Rant: Firsts

The Oldie - - CONTENTS -

Firsts Why are we ob­sessed with them? It’s un­der­stand­able that Roger Ban­nis­ter and Apollo 11 gen­er­ate in­ter­est. But that doesn’t mean we should switch off af­ter them. The peo­ple and things that come sec­ond have fas­ci­nat­ing sto­ries to tell, too.

Take John Landy: a few weeks af­ter Ban­nis­ter’s tri­umph in 1954, he be­came the sec­ond man to run a four-minute mile. So great an ath­lete was he that, dur­ing the fi­nal of the 1956 Olympic 1,500 me­tres, he stopped to check on a fallen ri­val, then made up the re­sult­ing deficit and still took the gold medal.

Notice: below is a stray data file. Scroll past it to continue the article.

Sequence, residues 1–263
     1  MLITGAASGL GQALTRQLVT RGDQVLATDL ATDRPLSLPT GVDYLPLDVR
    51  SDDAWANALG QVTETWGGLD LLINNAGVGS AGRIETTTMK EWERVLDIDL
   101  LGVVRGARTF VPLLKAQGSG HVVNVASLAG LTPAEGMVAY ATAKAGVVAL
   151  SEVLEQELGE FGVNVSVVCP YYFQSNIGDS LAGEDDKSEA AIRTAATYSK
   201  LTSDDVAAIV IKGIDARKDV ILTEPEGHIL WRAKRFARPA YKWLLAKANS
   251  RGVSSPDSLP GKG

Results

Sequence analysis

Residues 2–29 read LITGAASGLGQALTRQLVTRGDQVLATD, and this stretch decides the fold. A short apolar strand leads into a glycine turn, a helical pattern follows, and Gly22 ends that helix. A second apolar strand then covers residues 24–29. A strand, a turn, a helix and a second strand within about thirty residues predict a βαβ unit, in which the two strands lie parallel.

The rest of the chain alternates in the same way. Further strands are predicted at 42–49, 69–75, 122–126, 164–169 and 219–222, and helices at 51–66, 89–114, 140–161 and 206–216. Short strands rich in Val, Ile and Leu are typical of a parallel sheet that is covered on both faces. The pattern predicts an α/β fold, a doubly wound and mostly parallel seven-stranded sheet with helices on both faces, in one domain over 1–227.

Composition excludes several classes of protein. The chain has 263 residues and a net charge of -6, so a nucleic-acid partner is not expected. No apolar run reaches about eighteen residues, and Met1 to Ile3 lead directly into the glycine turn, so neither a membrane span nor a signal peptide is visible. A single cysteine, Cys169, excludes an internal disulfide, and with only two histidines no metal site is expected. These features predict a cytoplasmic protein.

Then there’s Pete Con­rad, who walked on the Moon dur­ing the Apollo 12 mis­sion, the sec­ond manned flight. His wise­cracks were the stuff of Nasa le­gend. Dur­ing se­lec­tion, as­tro­nauts had to un­dergo Rorschach ‘inkblot’ tests. Shown a de­lib­er­ately blank card, Con­rad replied: ‘It’s up­side down.’

Bill Burgess was the sec­ond man to swim the English Chan­nel. Dur­ing his jour­ney, he drank 20 drops of cham­pagne an hour, ‘and not a drop more’. Frank Hadow was the win­ner of the sec­ond Wim­ble­don ten­nis cham­pi­onship, in 1878. He de­clined to de­fend his ti­tle, call­ing ten­nis ‘a sissy’s game played with a soft ball’.

In 1904, Henri Cor­net won the sec­ond Tour de France, and re­mains the youngest cham­pion (at 19). On the penul­ti­mate stage, his

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